US Dollar Sags in Asia After Fed


ASIAN shares edged higher on Friday, oil touched a 2016 high and the U.S. dollar weakened as investors turned more positive on riskier assets after the Federal Reserve’s cautious stance on further interest rate increases.

But that optimism looked unlikely to spread to European shares, with financial spreadbetters expecting Britain’s FTSE 100 .FTSE to open little changed, Germany’s DAX .GDAXI to start the day as much as 0.1-percent lower and France’s CAC 40 .FCHI to begin down about 0.2 percent.

MSCI’s broadest index of Asia-Pacific shares outside Japan .MIAPJ0000PUS rose 0.8 percent, entering positive territory for the year for the first time. It is up 2.3 percent this week, and has surged 10.4 percent this month.

According to Reuters’ reports, the Hang Seng index .HSI was up 0.6 percent, heading for a weekly rise of 3.6 percent. China’s Shanghai Composite index .SSEC and CSI 300 .CSI300 climbed about 1.9 percent each, and were set for gains of about 6.4 percent for the week.

Chinese home prices rose at their fastest clip in almost two years in February thanks to red-hot demand in big cities. Still, risks of overheating in some places combined with weak growth in smaller cities threaten to put more stress on an already slowing economy.

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Japanese shares, however, bucked the trend as the dollar’s fall against the yen is seen hurting the country’s exporters, with the Nikkei .N225 closing down 1.3 percent for a weekly decline also of 1.3 percent.

The broader gains echoed a recovery on Wall Street, where the S&P 500 Index .SPX gained 0.66 percent overnight to close at its highest since Dec. 31, led by the materials and energy sectors.

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The rallies in commodities and equities were spurred by Wednesday’s Fed review when policymakers took a more cautious stance on future U.S. interest rate increases.

“We have got an important week out of the way from a macro data perspective, and not only have we come out of it unscathed, we are seemingly in a stronger place than where we started the week,” said Ben Le Brun, market analyst at online brokerage OptionsXpress in Sydney.

“We have heard from central banks in all corners of the globe now and the liquidity party rolls on with the potential for more to come.”

The benign rate environment, as well as optimism major producers would reach a deal to freeze output, proved a boon for oil.

OPEC kingpin Saudi Arabia and non-OPEC producers led by Russia will meet on April 17 in the Qatar capital Doha, aiming for the first global supply deal in 15 years.

After surging more than 10 percent over the prior two sessions, U.S. oil futures CLC1 advanced to $40.55, the highest level since Dec. 4. They were last trading at $40.25, on track for a 4.6-percent increase for the week, their fifth straight week of gains and longest winning streak in about a year.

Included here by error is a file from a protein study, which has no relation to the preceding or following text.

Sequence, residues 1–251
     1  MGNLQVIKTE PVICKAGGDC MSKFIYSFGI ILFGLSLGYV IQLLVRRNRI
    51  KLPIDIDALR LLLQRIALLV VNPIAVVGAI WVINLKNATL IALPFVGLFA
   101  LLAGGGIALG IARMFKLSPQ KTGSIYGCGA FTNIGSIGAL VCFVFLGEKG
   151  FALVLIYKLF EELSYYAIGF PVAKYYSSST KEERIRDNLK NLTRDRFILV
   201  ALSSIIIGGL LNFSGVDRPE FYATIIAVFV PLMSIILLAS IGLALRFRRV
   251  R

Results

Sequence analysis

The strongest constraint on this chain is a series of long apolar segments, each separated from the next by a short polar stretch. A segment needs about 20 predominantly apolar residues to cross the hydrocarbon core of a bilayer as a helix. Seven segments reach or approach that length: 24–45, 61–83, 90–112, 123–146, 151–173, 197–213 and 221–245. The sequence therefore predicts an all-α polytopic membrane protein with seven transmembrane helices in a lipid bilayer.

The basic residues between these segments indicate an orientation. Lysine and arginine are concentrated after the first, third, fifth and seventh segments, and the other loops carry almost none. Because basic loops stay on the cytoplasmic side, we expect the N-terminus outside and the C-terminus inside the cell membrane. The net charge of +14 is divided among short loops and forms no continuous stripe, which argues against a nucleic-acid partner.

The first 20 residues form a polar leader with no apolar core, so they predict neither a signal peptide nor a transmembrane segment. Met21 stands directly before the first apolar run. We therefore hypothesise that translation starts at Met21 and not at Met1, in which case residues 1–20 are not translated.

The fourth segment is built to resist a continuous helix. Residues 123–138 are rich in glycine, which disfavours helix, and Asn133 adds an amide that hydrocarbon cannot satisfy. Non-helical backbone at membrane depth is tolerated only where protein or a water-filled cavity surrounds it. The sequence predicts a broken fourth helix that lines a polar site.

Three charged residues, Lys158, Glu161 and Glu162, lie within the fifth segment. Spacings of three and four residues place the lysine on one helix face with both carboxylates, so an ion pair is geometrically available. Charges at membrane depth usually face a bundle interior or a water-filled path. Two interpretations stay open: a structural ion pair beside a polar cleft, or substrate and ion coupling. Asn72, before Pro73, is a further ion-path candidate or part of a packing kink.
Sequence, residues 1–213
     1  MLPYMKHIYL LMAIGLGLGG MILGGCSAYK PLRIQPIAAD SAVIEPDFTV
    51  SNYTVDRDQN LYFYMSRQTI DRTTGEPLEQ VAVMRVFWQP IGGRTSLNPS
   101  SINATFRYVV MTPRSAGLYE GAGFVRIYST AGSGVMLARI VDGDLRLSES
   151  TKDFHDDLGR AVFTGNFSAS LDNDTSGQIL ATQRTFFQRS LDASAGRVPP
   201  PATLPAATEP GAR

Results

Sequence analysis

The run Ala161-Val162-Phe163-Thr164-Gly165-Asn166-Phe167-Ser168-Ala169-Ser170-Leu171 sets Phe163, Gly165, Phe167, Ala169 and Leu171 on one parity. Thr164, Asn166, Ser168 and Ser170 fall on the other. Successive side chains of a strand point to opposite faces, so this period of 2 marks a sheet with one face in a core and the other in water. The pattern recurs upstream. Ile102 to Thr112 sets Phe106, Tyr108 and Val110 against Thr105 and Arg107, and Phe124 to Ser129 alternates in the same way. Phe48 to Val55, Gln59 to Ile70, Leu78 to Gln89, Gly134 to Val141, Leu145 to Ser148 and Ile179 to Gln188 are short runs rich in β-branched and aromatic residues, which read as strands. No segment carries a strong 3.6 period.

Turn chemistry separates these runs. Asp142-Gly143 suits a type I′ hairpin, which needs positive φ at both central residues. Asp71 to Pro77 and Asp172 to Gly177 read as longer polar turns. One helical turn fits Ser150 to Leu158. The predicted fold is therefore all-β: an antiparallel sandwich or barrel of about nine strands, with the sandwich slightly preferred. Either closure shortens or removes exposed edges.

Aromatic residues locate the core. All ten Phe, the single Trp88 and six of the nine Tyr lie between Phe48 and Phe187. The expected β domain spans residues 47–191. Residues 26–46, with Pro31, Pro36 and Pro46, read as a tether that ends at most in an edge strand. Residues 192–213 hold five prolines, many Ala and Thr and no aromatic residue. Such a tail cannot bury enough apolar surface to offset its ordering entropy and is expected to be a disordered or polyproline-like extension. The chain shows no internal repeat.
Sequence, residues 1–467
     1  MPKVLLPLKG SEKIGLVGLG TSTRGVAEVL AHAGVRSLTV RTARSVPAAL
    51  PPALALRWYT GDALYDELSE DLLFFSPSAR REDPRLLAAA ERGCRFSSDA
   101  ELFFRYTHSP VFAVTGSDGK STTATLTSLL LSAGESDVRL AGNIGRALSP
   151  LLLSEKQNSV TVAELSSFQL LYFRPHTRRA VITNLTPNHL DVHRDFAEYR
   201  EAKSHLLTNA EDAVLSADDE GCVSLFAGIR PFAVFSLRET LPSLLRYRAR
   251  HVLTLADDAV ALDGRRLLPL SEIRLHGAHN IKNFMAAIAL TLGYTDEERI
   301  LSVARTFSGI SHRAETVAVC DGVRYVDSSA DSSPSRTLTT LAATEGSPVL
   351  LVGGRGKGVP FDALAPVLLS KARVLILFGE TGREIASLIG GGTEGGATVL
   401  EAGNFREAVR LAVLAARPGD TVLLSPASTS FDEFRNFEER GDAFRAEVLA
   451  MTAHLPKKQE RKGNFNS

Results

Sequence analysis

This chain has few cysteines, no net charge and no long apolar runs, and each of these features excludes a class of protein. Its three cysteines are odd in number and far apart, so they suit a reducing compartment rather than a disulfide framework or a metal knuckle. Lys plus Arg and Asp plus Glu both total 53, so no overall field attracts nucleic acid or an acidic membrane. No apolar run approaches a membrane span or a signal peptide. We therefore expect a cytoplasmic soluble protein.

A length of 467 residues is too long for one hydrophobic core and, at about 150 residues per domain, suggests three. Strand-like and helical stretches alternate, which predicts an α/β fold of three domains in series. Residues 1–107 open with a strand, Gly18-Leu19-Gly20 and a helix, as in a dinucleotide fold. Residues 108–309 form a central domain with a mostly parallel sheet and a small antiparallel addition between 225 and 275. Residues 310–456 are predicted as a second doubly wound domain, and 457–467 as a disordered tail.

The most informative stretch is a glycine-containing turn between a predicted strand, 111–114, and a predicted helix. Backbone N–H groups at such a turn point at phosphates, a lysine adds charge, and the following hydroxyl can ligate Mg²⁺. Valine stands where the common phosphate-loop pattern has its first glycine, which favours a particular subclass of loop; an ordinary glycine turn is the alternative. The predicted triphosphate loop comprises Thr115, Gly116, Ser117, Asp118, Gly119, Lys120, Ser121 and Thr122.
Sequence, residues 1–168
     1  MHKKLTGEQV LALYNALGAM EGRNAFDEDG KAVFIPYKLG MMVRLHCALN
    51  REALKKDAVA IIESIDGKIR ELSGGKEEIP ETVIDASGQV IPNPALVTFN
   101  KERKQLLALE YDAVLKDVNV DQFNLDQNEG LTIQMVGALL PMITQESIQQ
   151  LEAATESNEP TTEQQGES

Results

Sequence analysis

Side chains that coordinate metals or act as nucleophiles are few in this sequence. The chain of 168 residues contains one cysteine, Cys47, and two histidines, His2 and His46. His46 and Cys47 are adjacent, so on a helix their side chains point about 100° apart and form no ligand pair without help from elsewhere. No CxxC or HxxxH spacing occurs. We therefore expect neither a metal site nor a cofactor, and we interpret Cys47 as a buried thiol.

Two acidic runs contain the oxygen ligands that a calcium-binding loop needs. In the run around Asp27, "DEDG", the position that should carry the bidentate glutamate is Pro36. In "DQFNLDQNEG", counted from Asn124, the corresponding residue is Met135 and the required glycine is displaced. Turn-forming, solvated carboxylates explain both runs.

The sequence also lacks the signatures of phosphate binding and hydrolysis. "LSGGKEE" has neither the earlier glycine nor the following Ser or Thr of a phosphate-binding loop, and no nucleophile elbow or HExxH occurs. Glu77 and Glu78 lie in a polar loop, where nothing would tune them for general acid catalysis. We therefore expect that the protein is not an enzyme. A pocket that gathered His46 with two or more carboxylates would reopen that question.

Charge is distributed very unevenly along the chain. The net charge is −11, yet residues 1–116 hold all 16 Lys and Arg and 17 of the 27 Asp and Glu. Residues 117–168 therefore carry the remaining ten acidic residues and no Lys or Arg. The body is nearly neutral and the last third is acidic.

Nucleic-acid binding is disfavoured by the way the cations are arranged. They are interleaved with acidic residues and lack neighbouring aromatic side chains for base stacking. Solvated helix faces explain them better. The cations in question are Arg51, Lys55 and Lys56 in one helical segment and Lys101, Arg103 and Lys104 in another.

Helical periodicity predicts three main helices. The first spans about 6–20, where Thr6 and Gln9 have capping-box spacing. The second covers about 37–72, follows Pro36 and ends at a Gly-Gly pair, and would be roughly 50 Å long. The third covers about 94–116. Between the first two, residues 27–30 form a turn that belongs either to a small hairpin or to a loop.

Brent crude LCOC1 held close to its three-month high of $41.60 reached in the previous session and again on Friday. It’s headed for a 3-percent gain for the week.

Oil’s rally has also been aided by a weakening dollar, triggered by the Fed’s cautious approach to raising rates.

The dollar’s index against a basket of six major currencies .DXY =USD on Friday touched a five-month low of 94.578, before edging up to 94.825.

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The euro EUR= retreated slightly from the five-week high of $1.1342 it hit on Thursday, last fetching $1.1310.

The yen JPY= was trading at 111.48, after climbing to 110.67 to the dollar on Thursday, the highest since October 2014.

The Chinese yuan firmed sharply against the dollar to reach a 2016 high, after the People’s Bank of China set the midpoint rate CNY=SAEC at 6.4628 per dollar prior to market open, compared with the previous fix of 6.4961, the biggest daily rise since November.

The spot market CNY=CFXS opened at 6.4615 and hit an intraday high of 6.4559, its firmest since late December, before easing to 6.4669, still stronger than the previous close of 6.4755.

Even the British pound GBP=D4, which has been dogged by worries about “Brexit” from the European Union, retreated only 0.2 percent to $1.4468 from Thursday’s one-month high of $1.4504.

The Australian dollar AUD=D4 shot up to $0.7681, its highest since July, helped by a recovery in commodity prices. It was last trading at $0.7654.

Copper CMCU3 advanced to a 4-1/2-month high of $5,126 a tonne, and was last trading up 1 percent at $5,118. Silver XAG= too jumped to a 4-1/2-month high of $16.111 per ounce, before falling back slightly to $16.08.



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